“Some novels are a version of memory. Two Solitudes is just such a novel, and in it a number of characters confront the idea of shared or cultural memory and the consequences of that sharing.”
This afterword encapsulates the complexity and richness of Hugh MacLennan’s brilliant Canada Reads novel. The title reflects a number of themes that are portrayed throughout the book – the racial divide of a country, religion, friends and even two star-crossed lovers.
"If there had been the slightest suggestion of kindliness, the least indication of a willingness to believe the best of Quebec in such men as this from Ontario, Canada’s trenchant problem would cease to exist.”
Throughout the novel there is a constant disparity: be it urban vs. rural; Catholic vs. Protestant; English vs. French-Canadian; father vs. son; or male vs. female. Politics drives a lot of the relationships but the complexity of the First World War backdrop is juxtaposed nicely into the real predicament the characters face in trying to justify their choices.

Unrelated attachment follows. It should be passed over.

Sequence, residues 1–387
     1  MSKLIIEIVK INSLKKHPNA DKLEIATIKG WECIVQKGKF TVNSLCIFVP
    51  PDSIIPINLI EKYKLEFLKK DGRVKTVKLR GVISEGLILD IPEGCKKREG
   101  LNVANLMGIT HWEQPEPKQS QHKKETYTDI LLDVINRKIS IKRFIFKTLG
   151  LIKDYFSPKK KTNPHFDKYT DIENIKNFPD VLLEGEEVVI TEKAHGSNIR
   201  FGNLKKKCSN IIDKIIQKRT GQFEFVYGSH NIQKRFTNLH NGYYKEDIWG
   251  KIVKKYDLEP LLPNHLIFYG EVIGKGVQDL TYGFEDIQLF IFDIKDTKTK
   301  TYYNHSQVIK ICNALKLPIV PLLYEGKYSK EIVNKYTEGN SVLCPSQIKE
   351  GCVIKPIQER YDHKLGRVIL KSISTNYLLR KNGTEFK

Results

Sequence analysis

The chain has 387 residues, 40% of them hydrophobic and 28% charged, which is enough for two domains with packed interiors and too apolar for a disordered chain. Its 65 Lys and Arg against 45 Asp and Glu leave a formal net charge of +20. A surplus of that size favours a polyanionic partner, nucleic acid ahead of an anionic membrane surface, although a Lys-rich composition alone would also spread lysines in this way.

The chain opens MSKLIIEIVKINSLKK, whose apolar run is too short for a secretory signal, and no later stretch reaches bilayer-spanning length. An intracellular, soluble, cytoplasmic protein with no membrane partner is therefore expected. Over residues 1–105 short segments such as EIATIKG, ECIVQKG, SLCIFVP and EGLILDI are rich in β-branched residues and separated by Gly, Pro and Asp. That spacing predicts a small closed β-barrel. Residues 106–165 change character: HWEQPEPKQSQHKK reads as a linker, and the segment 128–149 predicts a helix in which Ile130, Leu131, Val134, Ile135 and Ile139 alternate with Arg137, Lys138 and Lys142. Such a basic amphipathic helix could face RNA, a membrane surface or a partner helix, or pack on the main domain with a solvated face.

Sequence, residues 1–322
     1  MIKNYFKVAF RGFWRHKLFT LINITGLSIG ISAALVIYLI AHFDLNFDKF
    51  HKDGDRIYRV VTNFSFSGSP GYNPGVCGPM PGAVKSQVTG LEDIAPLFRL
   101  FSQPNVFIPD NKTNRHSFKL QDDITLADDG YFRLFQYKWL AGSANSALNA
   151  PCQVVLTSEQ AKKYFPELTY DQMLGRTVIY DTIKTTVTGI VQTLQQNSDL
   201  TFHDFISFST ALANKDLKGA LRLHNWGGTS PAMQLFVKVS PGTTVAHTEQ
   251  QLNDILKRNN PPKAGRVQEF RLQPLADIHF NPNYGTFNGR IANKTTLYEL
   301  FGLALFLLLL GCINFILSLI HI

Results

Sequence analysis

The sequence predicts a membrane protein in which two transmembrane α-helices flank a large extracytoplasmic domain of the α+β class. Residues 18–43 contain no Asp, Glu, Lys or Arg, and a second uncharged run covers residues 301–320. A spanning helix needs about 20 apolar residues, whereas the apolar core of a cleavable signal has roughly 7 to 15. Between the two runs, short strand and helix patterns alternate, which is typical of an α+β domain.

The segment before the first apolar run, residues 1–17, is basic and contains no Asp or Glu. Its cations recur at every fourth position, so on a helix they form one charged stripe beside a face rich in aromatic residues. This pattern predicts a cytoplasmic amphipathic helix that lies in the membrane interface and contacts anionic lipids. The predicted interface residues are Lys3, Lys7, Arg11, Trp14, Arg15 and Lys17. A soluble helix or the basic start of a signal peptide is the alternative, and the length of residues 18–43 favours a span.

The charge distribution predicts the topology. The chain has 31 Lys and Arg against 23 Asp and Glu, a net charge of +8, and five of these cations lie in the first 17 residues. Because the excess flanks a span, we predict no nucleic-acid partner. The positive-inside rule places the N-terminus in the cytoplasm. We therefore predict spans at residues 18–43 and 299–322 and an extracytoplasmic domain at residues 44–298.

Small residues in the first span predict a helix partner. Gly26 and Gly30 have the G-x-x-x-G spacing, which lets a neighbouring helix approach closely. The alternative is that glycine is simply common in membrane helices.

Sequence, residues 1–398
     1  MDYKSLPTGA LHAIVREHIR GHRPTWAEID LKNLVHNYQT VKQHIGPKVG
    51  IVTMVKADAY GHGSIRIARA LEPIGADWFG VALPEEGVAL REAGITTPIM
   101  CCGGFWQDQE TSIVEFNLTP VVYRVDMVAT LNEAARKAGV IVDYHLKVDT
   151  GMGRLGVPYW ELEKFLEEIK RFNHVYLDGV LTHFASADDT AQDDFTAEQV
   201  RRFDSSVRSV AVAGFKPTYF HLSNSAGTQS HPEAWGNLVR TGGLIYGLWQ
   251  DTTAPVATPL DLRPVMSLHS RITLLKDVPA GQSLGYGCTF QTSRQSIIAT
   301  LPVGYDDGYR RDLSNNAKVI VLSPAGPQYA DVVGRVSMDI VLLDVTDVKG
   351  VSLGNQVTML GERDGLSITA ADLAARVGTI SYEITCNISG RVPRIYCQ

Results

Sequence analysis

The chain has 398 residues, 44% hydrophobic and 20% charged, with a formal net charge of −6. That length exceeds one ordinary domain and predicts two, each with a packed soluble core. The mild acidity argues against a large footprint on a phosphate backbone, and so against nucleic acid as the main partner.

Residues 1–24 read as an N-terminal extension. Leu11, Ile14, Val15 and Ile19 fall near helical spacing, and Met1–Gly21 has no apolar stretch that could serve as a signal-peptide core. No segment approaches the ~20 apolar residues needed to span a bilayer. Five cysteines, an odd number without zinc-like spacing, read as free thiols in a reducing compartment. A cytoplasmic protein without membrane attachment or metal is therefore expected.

"Athanase felt the dilemma deeply within his own soul. Quebec wanted prestige but not change. By some profound instinct, French Canadians distrusted and disliked the American pattern of constant change. They knew it was ruthless, blind and uncontrollable.”
We know this constant struggle is still ongoing. As Charles Taylor in his book Reconciling the Solitudes: Essays on Canadian Federalism and Nationalism, put it:
The “two solitudes” of Hugh MacLennan are still a fundamental reality in Canada; the ways that the two groups envisage their predicament, their problems, and their common country are so different that it is hard to find a common language. They are like two photographs of the same object taken from such different points of view that they cannot be superimposed (Taylor, 1993:24).1
Although the story enriches you with deeper sense of the history of Quebec, Two Solitudes by no means feels like a dry history book. The author does a beautiful job of weaving the story of an unforgettable set of characters into a social and political theme. As rich as the book is in giving the reader a perspective on the nation’s European history, it is even richer because of the characters and the human interactions.
1Reference: Taylor, Charles. (1993) Reconciling the Solitudes: Essays on Canadian Federalism and Nationalism, Montreal & Kingston: McGill-Queen’s University Press.